This idea troubled me for a long time.  It's bad not to get involved, I thought.  What about fighting for what is right?  What about using rage or anger or excitement to make positive change in the world?

But he wasn't saying not to act.  He was saying that it might be important to act from a place of compassion, not empathy.  Empathy is you assuming you can feel what someone else is feeling.  In a sense, it's fundamentally narcissistic, gives you rights and responsibilities that are probably not yours to take.  Acting from a place of compassion--which is actually a loving distance--enables you to know your space, to remain who you are, and to offer your assistance, not prescribe it.

There's an appeal in prescribing change for others.  I tend to want to do it all the time, to tell them how they can fix themselves, to offer solutions, to assume that what has worked for me will work for them.  But how obnoxious is that?  I'll tell you.  It's completely obnoxious.

And over-empathizing, for me at least, was overwhelming.  It prevented me from seeing that I had agency.  Compassion, on the other hand, is empowering.  You figure out what your own humble self can do, and you do it.  But you do it from your space, and not someone else's.

So, as someone I love is struggling a deep, deep struggle, I will try not to solve his problems.  I will stay in my space, make my presence known, offer whatever help he wants me to.  I'll try to act from a place of integrity, and not from a desire to get all up in someone else's drama.  Cause my jumping on his boat isn't going to help him at all.  But he should know I'm ashore, and am walking alongside his boat should he need a hand.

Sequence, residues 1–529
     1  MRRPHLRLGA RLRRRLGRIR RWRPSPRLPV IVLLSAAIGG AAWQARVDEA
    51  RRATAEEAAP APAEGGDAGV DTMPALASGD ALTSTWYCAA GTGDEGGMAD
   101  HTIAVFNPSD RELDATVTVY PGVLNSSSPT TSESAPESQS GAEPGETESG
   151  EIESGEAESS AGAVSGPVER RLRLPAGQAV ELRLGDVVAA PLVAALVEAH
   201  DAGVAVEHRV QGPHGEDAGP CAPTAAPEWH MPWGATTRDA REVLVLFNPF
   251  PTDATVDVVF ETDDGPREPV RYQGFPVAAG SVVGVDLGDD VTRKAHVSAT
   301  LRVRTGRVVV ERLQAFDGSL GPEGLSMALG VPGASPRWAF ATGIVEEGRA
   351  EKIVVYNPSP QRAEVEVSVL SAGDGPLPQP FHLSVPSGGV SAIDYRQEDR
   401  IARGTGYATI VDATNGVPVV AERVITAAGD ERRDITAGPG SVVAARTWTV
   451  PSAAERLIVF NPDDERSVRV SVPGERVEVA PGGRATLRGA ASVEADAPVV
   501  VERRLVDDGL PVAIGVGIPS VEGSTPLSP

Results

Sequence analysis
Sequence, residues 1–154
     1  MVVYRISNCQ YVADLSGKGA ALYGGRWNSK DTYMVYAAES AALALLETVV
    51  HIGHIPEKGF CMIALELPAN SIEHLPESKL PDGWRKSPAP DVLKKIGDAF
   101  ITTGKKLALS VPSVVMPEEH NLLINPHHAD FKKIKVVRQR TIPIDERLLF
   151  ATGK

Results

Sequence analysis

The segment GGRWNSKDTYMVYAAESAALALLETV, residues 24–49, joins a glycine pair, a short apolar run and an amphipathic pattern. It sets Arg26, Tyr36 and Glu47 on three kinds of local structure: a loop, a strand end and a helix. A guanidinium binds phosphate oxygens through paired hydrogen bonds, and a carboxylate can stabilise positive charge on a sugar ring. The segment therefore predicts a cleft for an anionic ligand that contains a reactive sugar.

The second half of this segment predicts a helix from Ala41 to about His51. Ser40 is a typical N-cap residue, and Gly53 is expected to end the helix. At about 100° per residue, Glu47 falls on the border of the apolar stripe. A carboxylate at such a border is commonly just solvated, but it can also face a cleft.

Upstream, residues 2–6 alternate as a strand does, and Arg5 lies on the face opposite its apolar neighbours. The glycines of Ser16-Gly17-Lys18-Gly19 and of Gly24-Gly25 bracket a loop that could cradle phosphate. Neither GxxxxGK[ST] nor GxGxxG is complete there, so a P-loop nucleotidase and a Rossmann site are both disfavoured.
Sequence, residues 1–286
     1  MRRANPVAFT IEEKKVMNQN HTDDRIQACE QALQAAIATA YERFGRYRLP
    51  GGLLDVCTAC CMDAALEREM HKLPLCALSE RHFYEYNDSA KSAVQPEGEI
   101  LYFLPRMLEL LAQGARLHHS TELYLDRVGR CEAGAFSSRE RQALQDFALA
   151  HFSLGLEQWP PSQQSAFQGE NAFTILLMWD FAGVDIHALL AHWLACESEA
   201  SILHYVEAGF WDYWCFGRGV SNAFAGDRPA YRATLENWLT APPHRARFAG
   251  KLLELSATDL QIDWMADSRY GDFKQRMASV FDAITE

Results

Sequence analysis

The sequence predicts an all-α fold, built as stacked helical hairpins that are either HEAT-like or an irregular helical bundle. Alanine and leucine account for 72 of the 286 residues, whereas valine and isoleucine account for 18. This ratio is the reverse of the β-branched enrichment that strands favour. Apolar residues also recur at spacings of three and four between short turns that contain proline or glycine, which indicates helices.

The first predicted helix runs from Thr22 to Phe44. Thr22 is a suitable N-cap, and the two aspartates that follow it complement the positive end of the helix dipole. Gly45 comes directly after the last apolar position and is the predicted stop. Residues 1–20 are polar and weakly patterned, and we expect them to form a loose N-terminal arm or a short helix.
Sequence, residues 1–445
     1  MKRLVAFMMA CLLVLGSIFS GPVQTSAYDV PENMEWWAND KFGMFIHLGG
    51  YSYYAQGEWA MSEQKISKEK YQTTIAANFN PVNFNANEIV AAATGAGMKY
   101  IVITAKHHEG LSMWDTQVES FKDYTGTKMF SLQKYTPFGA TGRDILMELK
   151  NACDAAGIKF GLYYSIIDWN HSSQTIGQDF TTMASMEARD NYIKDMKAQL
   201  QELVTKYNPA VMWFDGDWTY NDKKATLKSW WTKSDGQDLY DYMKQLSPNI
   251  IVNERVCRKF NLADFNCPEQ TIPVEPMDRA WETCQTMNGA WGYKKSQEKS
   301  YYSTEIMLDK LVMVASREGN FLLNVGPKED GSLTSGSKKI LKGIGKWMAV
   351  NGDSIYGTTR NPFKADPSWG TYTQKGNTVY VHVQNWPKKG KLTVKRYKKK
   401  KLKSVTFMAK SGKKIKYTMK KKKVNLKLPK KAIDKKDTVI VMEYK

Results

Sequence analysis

Wednesday, February 13, 2008

Valentine's Obsessions

Addie's top-five obsessions at the moment:

1)  Scotch tape

2)  The word "actually"

3)  The words "watch me, mama!"

4)  Making mud pies

5)  Birthday parties, especially her own

Nolie's top-five obsessions at the moment:

1)  Her lower lip

2)  Teletubbies

3)  The Gigi

4)  The word "mo" (more)

5)  The words "no way!"

My top-five obsessions at the moment:

1)  The destruction of Britney Spears (I'm so sorry for this.  I can't explain it)

2)  Drinking coffee in bed (small moments of grace)

3)  Petit-Ecolier cookies

4)  Listening to hip-hop at the gym, and doing funny little dance moves on the treadmill without realizing it

5)  Eric and the girls

Saturday, February 9, 2008

Branching Out